CERI-India Trains NGOs Executive Teams on Alternative Care Practices

CERI-India Trains NGOs Executive Teams on Alternative Care Practices

CERI-India trains NGOs executive teams on alternative care options for children who have been sexually exploited or trafficked

Kolkata, India – CERI-India National Program Director, Ian Anand Forber Pratt, conducted a training for the senior management of Child in Need Institute (CINI), Sanlaap, FreeToBeKids and stakeholders from International Justice Mission (IJM) regarding realistic alternative care with a focus on foster care and group foster care for children in India who have experienced sexual exploitation or trafficking. The RISE Learning Network, an organization that promotes learning on recovery and reintegration from child sexual exploitation, arranged the training.

“The interactive sessions were for practitioners working on recovery and reintegration from child sexual exploitation in a family-based care environment, particularly for those children who cannot return back to their biological families,” said Ms. Lopa Bhattacharjee, Project Coordinator at the RISE Learning Network. “These sessions helped provide clarity about the legal framework and how laws can be applied in the context of the child’s reintegration, keeping in mind their specific needs and safety issues.”

The executive teams and practitioners in attendance identified that a majority of the children in their institutions want and ask for a connection to family. They explained that family-based alternative care options are virtually non-existent in the current district and state level structures.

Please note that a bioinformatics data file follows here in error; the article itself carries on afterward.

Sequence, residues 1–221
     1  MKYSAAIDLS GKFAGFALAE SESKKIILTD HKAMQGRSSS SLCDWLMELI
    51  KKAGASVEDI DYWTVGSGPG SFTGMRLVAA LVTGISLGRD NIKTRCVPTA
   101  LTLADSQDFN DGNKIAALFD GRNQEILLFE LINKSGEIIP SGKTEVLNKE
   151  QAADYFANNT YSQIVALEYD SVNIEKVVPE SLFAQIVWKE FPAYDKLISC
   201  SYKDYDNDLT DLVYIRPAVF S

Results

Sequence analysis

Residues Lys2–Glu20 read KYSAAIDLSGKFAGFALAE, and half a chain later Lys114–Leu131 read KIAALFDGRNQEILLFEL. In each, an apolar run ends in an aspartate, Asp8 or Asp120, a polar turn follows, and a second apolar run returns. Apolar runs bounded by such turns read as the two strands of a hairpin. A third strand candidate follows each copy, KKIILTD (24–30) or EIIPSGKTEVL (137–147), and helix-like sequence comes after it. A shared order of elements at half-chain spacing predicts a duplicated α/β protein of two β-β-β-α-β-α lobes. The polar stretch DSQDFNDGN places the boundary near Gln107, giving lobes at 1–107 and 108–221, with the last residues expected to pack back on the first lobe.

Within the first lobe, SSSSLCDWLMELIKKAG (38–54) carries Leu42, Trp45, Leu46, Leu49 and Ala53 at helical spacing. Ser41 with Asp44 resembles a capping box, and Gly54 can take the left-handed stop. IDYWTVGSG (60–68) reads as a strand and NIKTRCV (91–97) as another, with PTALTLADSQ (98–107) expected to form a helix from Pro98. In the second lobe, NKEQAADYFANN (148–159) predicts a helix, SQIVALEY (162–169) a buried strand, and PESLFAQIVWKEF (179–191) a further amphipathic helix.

Mr. Ian Anand Forber Pratt, CERI's Program Director seconded to the Centre of Excellence in Alternative Care (CEAC) and a national expert on alternative care with a specialty on family foster care, provided the following statement:

"The Indian government, as well as civil society, are rapidly expanding their work to consider institutions as a last resort for children. In the midst of this shift, there is concern about how to support the needs of the most vulnerable children in need of protection, such as those who are involved in court cases, those who have experienced trauma, and those who need specialized care and protection. These trainings were designed to share the current legislative conditions, describe evidence-based theories and practices in the field of alternative care, and work with organizations to shift alternative care from thinking to action in their fields.”

One organization committed to expanding on this training by calling a multi-stakeholder meeting in early April to create an action plan to pilot alternative care options for children in Kolkata. Others in attendance asked CERI and CEAC to continue engagement as an advisor as their strategic planning and programs in development.